Youths thoughts about Islam and nowadays Finland

Youths thoughts about Islam and nowadays Finland

StepEurope ry booked a guided tour in English and visited the inspiring exhibition “Numur -Islam and I” together with the youth on 14th of March. The exhibition, was on display at the Migration Institute of Finland between February 28th‒March 20th. It is part of a project “Young Muslims and resilience” at the Department of Social Research, University of Helsinki, led by Docent Marja Tiilikainen. The opportunity was given to young people of Muslim descent to project their relationship to their religious and cultural roots.

The exhibition aims to give a better understanding of how the individuals of Islamic origin may peer at their relation to Islam through the lens of art. The participants have utilized tools of the contemporary arts to paint up their ideas. Arrays of photos clung on the walls aside the calligraphic portraits scripted in Arabic. These are first items what would capture one’s gaze, once you visit the exhibition, in addition to the Sufi Masa, spinning in the middle of the room. Muttaqi Khan is one of the artists who lives in Helsinki, and who took several photos of “his Helsinki”. His photos emerge the way he sees this Northern city from a personal view as an individual of Muslim background. Muttaqi, the son of an Imam, was born in Jyvaskyla. He belongs to a conservative family, and he says that whenever he visits his country of origin, Bangladesh, he feels that his home is Helsinki. This denotes vividly that Muslims who grow up in a Western environment interact with elements of their environment on a completely personal level.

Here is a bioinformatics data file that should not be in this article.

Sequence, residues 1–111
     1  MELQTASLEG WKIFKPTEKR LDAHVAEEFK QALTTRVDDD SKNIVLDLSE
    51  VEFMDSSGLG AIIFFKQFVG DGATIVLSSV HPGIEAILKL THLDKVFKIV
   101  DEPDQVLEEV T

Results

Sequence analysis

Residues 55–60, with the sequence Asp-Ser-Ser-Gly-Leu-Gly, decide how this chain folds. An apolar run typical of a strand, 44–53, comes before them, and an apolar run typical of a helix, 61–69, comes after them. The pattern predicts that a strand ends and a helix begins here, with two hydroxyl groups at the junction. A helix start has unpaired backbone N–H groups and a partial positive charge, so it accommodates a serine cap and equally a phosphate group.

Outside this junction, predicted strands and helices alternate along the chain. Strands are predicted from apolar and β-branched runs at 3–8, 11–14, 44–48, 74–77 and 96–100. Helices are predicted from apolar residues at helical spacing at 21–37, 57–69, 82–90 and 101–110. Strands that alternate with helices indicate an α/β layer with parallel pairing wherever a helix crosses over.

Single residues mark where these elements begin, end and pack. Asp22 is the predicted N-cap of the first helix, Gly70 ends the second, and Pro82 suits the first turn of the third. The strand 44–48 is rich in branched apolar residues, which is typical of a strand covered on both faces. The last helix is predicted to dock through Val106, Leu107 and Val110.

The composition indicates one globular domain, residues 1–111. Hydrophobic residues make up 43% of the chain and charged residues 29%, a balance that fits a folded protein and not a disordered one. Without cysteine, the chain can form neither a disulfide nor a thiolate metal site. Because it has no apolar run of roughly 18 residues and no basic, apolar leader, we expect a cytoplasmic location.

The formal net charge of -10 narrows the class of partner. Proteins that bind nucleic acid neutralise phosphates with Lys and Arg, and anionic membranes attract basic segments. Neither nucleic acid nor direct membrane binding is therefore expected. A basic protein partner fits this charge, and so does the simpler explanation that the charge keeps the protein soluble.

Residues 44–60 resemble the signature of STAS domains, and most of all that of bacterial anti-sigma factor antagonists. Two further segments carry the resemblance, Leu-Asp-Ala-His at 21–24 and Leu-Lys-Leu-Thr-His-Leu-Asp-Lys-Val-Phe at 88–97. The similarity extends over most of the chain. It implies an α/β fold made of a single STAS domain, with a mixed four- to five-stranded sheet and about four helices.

Islam is a personal view and a cultural past.

The exhibition materializes how Islam is being shown from various personal views of each artist ‒ how they associate with Islam and what kind of relationship ties them to it, and it also pops up in the relationship between them and the society they are living in. For example, being a Muslim did not barrier Sara Salmani to create her own videos alongside her husband and their newborn child: enjoying and balancing life as a successful Muslim woman and mother seemed to be the theme of her contribution in the exhibition. Sara’s video is an intimate account of her life during the first year of her small baby girl. She shows great affection to her beautiful child, and is keen to record the moments of her life as a happy Muslim family in Finland. Moreover, she discusses the role of Islam in her life as a woman, entrepreneur and a mother.

Many guided tours were arranged during the exhibition to enable visitors to learn more about the background of the artwork and ask questions. Several school classes attended the exhibition as part of different courses, and they seemed to be curious to explore new cultures, religions and ways of thinking. This experience would give anyone a better understanding concerning the Muslim community living in Finland, which is a growing religious minority the country. Some art work represented a bold initiative in challenging and providing a new reading of Islamic concepts and interpretations. In addition, the concept of homeland(s) in relation to multiple identities was explored.


Pictures: Ahmed Zaidan